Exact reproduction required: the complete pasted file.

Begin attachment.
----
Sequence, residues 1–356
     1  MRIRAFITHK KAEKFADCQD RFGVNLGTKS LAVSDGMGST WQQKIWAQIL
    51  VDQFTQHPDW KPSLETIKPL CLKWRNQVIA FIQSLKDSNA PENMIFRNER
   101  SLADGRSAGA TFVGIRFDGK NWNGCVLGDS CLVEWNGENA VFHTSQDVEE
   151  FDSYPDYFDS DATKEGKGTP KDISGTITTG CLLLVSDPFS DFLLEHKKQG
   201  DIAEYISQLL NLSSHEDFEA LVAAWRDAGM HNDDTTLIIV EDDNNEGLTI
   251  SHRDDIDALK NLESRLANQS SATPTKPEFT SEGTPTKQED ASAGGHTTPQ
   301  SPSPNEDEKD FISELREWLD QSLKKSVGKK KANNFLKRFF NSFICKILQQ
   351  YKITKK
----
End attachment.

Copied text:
Sequence, residues 1–356
     1  MRIRAFITHK KAEKFADCQD RFGVNLGTKS LAVSDGMGST WQQKIWAQIL
    51  VDQFTQHPDW KPSLETIKPL CLKWRNQVIA FIQSLKDSNA PENMIFRNER
   101  SLADGRSAGA TFVGIRFDGK NWNGCVLGDS CLVEWNGENA VFHTSQDVEE
   151  FDSYPDYFDS DATKEGKGTP KDISGTITTG CLLLVSDPFS DFLLEHKKQG
   201  DIAEYISQLL NLSSHEDFEA LVAAWRDAGM HNDDTTLIIV EDDNNEGLTI
   251  SHRDDIDALK NLESRLANQS SATPTKPEFT SEGTPTKQED ASAGGHTTPQ
   301  SPSPNEDEKD FISELREWLD QSLKKSVGKK KANNFLKRFF NSFICKILQQ
   351  YKITKK